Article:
I'm really at a place where I want to right-size. Most of what needs to go amounts to small and rarely-used items that keep getting shuffled aside, or papers that I'm holding onto for no truly good reason. I feel cluttered and want to just put the clutter out.

I've also been more careful in the last year about what I bring into the house. We eat better quality food of higher nutritional value. We go to a concert or a museum instead of shopping; I can buy laundry detergent at 9:30 on a Tuesday night when my kids are at dad's. The children have whatever they need to read or wear, and probably will be taking music lessons soon. Even the most recent birthday present my daughter and I bought for a little friend of hers bears the mark of my increasing practicality -- a Disney Princess hooded towel set, wrapped in a pink wicker basket that the birthday girl can use for storing something in her room.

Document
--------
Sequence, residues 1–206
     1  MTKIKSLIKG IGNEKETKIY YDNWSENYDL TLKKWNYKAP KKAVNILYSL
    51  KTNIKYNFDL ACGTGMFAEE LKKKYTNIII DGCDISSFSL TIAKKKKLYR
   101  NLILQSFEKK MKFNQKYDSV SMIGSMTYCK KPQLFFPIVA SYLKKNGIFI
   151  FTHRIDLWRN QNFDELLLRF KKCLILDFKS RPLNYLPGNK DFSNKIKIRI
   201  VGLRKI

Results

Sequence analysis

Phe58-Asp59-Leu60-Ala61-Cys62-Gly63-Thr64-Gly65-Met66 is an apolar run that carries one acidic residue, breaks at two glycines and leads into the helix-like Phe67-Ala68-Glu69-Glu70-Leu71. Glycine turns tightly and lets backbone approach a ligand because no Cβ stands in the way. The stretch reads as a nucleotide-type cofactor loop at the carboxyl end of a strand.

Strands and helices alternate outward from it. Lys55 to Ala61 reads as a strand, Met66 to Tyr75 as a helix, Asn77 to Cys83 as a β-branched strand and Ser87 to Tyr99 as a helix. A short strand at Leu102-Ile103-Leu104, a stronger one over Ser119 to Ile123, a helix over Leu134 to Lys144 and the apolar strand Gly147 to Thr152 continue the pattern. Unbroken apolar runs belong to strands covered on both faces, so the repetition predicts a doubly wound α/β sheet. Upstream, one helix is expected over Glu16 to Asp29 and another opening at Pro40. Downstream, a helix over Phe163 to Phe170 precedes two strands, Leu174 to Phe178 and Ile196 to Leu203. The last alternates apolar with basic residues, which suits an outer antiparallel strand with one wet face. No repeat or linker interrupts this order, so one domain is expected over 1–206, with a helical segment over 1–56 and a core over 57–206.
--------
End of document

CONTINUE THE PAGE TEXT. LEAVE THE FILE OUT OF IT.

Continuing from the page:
I hear all the time about the acquisition habits of others. While I like my stuff, and wouldn't mind having a few things like new carpet or floors, a wine cooler, a new coffee pot, or a nice Gibson F-5, the majority of stuff I hear people investing in is just junk. Sure I enjoy sitting on my butt once in a while and watching a movie. I like it better to go with friends or my kids to see a movie and then hang out afterwards. Will having a home theatre system make my life easier, the quality of life for my children better? Will it deepen my understanding of humanity or make me a better musician or person to have a bigger tv or video games to go with it? Will it make me smarter, or more interesting to the people I deal with all over the country? I've lived without these things for almost five years, and I don't know where I would get the time to waste if I had them.